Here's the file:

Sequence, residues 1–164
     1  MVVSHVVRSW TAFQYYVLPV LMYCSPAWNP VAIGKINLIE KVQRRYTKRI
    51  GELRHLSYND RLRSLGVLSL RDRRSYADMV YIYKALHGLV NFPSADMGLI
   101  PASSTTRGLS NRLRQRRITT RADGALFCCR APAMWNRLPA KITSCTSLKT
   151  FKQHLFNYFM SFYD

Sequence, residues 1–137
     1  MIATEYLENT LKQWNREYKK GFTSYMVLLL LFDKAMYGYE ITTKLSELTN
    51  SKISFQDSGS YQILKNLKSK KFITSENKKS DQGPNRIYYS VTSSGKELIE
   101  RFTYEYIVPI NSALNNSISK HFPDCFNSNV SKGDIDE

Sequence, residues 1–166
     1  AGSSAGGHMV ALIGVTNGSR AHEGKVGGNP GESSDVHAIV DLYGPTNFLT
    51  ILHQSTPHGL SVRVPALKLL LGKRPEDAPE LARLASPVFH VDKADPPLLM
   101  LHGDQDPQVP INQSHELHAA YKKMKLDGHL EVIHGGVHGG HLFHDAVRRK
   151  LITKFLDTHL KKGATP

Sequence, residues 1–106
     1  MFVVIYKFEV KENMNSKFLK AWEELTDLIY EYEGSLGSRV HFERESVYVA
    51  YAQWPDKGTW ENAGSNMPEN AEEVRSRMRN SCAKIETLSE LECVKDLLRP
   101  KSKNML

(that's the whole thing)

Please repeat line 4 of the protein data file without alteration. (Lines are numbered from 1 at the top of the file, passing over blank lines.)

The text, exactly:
   101  PASSTTRGLS NRLRQRRITT RADGALFCCR APAMWNRLPA KITSCTSLKT